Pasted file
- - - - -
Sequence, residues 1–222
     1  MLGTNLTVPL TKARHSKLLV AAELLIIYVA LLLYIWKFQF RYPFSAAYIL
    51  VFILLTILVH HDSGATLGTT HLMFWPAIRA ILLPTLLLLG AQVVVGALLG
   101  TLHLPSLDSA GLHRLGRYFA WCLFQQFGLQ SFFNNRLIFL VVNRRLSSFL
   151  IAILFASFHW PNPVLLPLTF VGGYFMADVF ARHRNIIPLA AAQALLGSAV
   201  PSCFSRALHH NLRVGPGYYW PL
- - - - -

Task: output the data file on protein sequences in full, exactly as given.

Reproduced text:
Sequence, residues 1–222
     1  MLGTNLTVPL TKARHSKLLV AAELLIIYVA LLLYIWKFQF RYPFSAAYIL
    51  VFILLTILVH HDSGATLGTT HLMFWPAIRA ILLPTLLLLG AQVVVGALLG
   101  TLHLPSLDSA GLHRLGRYFA WCLFQQFGLQ SFFNNRLIFL VVNRRLSSFL
   151  IAILFASFHW PNPVLLPLTF VGGYFMADVF ARHRNIIPLA AAQALLGSAV
   201  PSCFSRALHH NLRVGPGYYW PL